Is there a standard name for this tree structure?

Alf P. Steinbach alfps at
Sun Apr 4 08:34:47 EDT 2010

* Steven D'Aprano:
> I have a hierarchical structure something like a directory tree or a 
> nested tree structure:
> Mammal
> +-- Ape
> :   +-- Chimpanzee
> :   +-- Gorilla
> :   +-- Human
> +-- Carnivore
> :   +-- Cat
> :       +-- Tiger
> Reptile
> +-- Lizard
> +-- Snake
>     +-- Cobra
>     +-- Python
> This is a forest because each top-level element (Mammal, Reptile) is 
> itself a tree. By adding a root to the (former) top-level elements, I 
> turn it into a single tree.
> I can implement this tree using a flat dict:
> root = object()
> data = {root: ['Mammal', 'Reptile'], 
>     'Mammal': ['Ape', 'Carnivore'],
>     'Ape': ['Chimpanzee', 'Gorilla', 'Human'],
>     'Reptile': ['Lizard', 'Snake'],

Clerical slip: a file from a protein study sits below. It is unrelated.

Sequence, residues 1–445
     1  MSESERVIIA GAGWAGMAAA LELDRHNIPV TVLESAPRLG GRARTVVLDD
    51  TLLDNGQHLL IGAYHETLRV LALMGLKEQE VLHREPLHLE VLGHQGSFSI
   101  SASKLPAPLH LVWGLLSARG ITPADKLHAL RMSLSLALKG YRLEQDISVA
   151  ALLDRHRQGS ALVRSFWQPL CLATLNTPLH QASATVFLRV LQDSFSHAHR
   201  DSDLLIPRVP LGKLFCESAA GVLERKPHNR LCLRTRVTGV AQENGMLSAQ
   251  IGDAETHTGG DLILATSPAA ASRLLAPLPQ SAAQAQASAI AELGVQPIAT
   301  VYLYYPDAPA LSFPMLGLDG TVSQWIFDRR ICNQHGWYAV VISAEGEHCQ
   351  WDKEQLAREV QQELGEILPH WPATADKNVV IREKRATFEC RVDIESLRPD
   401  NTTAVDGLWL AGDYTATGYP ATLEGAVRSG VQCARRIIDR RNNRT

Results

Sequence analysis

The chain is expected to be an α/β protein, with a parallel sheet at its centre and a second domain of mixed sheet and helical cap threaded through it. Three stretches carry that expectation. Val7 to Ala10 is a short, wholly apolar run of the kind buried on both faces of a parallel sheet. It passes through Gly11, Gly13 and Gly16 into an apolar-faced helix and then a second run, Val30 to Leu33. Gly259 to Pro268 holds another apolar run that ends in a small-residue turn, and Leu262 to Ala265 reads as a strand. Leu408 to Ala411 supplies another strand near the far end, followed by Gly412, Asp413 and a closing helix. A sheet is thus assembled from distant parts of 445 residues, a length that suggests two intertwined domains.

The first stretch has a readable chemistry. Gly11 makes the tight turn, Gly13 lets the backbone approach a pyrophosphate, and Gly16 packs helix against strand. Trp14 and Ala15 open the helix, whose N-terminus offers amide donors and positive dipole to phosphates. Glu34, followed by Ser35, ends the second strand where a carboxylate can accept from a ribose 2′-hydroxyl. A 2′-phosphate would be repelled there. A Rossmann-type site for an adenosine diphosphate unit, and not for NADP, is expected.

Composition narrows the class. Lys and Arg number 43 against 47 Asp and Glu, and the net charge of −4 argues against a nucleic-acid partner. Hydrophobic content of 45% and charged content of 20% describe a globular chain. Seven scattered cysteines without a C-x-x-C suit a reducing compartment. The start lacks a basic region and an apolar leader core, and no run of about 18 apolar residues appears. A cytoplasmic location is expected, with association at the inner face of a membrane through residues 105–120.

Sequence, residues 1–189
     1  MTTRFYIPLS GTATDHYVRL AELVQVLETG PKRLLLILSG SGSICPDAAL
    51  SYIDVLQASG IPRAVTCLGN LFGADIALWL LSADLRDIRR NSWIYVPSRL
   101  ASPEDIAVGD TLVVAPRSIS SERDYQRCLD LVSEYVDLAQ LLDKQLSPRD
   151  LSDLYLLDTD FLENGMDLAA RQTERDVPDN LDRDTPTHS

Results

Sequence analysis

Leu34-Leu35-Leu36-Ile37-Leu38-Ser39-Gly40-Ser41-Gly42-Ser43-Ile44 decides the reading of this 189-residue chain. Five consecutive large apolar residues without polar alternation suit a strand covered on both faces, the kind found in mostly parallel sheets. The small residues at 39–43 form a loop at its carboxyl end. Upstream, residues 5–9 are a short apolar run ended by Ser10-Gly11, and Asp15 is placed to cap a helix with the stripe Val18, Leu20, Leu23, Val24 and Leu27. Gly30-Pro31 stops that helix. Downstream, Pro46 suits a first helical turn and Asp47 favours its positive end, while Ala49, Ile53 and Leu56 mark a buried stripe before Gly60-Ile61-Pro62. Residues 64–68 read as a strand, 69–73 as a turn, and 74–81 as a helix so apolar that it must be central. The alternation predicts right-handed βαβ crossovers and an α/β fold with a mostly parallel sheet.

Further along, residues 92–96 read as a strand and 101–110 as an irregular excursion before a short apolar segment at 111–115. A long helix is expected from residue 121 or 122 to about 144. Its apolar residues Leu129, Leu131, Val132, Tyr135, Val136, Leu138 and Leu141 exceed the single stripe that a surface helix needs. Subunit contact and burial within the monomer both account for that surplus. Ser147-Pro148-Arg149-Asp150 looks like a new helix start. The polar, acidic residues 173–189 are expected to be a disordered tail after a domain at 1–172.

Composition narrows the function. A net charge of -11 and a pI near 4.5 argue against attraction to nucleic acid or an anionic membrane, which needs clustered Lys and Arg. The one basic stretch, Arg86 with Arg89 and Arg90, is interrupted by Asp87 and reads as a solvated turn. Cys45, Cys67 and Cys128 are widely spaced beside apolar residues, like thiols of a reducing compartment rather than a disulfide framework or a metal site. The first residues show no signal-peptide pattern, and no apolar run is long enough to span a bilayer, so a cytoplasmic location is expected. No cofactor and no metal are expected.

>     # fill in the rest yourself... 
>     }
> Is there a particular name for this structure? I've been calling it a 
> dict-based flattened tree, but I can't shake the feeling that there is 
> another name for it...

The only difference from an ordinary tree is that you have a provided a way to 
access non-root nodes (with strings as keys) that doesn't work for the root node.

Still, all nodes can be accessed with objects as keys.

So, you have just introduced some ambiguity that allows both views: it's a tree, 
and it's a forest, depending on what point of view one chooses.

In passing, this terminology is the one used in programming and computer science.

Donald Knuth notes that for e.g. a binary tree, if one (impractically) adopted 
the terminology of some authors on graph theory then one would have to say 
"topological bifurcating arborescence" instead of "binary tree"...

Cheers & hth.,

- Alf

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